• Smart watches & fitness band trackers containing sensors that track heartbeat, calories & sleep
  • Smart Contact Lens to measure glucose levels for diabetics , by Google
  • And many more…

As these products proliferate the market, it will become apparent that UBI can and should be applied to Health. As leaders in UBI, Baseline is already prepared with our proprietary apps, servers, and web portals to assess these metrics and apply a context and scoring suitable for health insurance.

The earlier you start offering UBI for health insurance, the earlier your company can lead the way in health insurance. Customers will be expecting revolutionary ideas for insurance, and the company that takes charge will surely benefit with high client acquisition and retention.


There are billions of devices currently in the world that can track health data. Relying on historical data is an often inaccurate assessment of someone’s health, and fails to take into account dietary changes and behaviours that can have a sudden impact on health costs. Rather than waiting for the next medical emergency, it becomes possible to warn your customers of their bad habits via messaging services to help them get back on the right track. Wearables can even help track those who are chronically ill and help them avoid costly hospital visits.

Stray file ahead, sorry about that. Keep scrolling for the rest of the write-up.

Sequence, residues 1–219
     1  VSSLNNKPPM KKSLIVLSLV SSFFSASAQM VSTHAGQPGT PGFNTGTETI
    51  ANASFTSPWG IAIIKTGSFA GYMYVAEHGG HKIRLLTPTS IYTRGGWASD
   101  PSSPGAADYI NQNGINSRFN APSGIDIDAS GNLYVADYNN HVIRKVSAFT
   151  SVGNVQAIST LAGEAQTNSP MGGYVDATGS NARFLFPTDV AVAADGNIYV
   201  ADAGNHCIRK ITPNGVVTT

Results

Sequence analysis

By adopting wearable technology into your insurance business model, you’ll dramatically increase awareness of these products and attract new policyholders, either with a revolutionary PAYL UBI program, or incentives offering the latest wearable technology. Other insurance companies have already started and they’ve seen the benefits to their bottom line.